“I have remained a Presbyterian for over 40 years – and an ordained minister for 22 of them – partly for love of our egalitarian polity, but primarily because social justice has been an important theme in our common ministry.

“When my home state of Massachusetts expanded our civil laws to embrace the unions of same-gender couples as legal marriages, one of our church’s most devoted and faithful couples – Sara and Jen – came to me.  “Will you marry us?” they asked.

“As with any other request for marriage, I proceeded with premarital counseling and used my pastoral discretion to determine whether Sara and Jen were ready to take this next step on their journey together in life.

“I knew that my church’s highest authority – the teaching of Jesus Christ -called on me to embrace love and inclusion.  Respecting loving relationships and shepherding them into faithful partnerships is a critical role for us all as followers of Jesus’ ministry.

“I also knew my church’s legal authority, our Book of Order, is full of affirming statements not just calling on, but requiring the inclusion of all God’s children in the church.

“With the authority given to me by both the church and the state, in addition to the unanimous support of our local church leaders, I happily agreed to solemnize the marriage of this faithful couple. It was a truly beautiful moment, and one I know that embodied the teachings of Jesus.

“The Presbyterian Church (USA) is as deeply divided over same-gender marriage as the country is.  In the five states and the District of Columbia where marriage is inclusive of same-gender couples, ministers are being called upon by members of their churches to bless their vows and solemnize their marriages, but until now the church has given no guidance on whether ministers may do them.

“Through our church’s legislative process there have been attempts to make law that the church will recognize marriage only between a man and a woman, and attempts to change the definition of marriage to a civil contract between two persons, leaving out the gender.  Neither of these efforts has succeeded.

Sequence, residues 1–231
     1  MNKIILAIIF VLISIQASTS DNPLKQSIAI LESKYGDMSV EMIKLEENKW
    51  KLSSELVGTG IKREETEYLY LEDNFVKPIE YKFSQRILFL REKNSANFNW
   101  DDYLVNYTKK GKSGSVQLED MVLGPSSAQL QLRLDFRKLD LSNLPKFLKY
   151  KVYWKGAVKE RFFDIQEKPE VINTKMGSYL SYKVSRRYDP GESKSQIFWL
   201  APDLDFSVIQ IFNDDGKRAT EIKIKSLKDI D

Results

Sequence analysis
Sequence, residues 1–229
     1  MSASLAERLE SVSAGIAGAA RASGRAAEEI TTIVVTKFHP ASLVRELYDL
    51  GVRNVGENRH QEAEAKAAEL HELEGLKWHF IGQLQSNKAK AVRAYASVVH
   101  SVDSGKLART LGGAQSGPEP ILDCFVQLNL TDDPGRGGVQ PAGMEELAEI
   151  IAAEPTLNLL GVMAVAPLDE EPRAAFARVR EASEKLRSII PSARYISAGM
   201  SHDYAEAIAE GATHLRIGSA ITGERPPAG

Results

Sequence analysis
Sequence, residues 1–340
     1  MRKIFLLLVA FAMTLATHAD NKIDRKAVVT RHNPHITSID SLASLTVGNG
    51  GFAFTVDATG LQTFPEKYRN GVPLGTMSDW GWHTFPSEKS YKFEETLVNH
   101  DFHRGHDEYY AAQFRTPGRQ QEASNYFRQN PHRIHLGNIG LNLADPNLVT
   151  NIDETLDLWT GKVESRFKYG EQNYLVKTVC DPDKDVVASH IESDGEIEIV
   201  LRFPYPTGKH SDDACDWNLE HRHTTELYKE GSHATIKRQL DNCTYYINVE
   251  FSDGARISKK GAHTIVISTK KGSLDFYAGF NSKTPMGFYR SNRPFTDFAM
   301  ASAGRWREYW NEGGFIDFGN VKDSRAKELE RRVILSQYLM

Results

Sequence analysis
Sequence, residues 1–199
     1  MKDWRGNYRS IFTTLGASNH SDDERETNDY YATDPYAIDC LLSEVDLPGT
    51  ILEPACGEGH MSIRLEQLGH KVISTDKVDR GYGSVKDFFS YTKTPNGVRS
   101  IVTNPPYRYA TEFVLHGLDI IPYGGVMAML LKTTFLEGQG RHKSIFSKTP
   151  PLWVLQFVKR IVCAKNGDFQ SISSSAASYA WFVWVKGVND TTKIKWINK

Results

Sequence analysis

“This has left Presbyterian ministers in marriage-inclusive jurisdictions in a difficult position.  Any pastor who provides pastoral care for a member couple by officiating at their same-gender marriage runs the risk of being prosecuted by those who disagree.

“I have seen this case before the GAPJC as one of ecclesiastical rights, similar to the civil rights cases that came before the United States Supreme Court.  It is generally up to the courts to decide for inclusiveness when the legislature is unable to.

“I didn’t set out to bring about change in the church.  My only intent was to do what is faithful to the call of Jesus to love all our neighbors without exception.  When Sara and Jen asked me to marry them, there was no question in my mind that to discriminate against them would be to fracture the body of Christ.  To say yes to them was to say yes to all that I hold dear in our faith.

“I am grateful to the Permanent Judicial Commission for finding that I should not be censured for the marriage I performed. I am saddened that this verdict does not make it possible for ministers to do the good and loving thing for their parishioners without the fear that someone will accuse them of violating church law.”

###

From More Light Presbyterians


The decision by the General Assembly’s Permanent Judicial Commission in the Rev. Jean Southard marriage case was released today. Charges had been brought against Rev. Southard who officiated at the wedding of two women at First Presbyterian Church, Waltham, MA, a welcoming and affirming More Light church in a state where same sex marriage is legal. The charges in the disciplinary case against Rev. Jean Southard have been dismissed by the GAPJC.

We encourage you to read the entire GAPJC findings to understand the nuances of Presbyterian polity and procedures and the basis for their decision.

Jean K. Southard v. Presbyterian Church (U.S.A.)

through Presbytery of Boston, Appellee (Complainant)

We also urge you to read the two concurrences from members of the GAPJC that follow the decision. One concurrence raises the question as to whether or not W-4.9001 “provides an effective and unambiguous definition of Christian marriage.” The other concurrence calls marriage equality a “human rights issue” and calls upon the General Assembly to amend the constitution to allow for marriage of same sex couples in the PCUSA.

We give thanks to God for the faithful ministry of Rev. Jean Southard. We are grateful that charges against Rev. Southard have been dismissed by our Church’s highest court. We are grateful that the concurrences that accompany this GAPJC decision recognize that marriage equality is a human rights issue and call upon the General Assembly to amend the constitution to allow for marriage equality.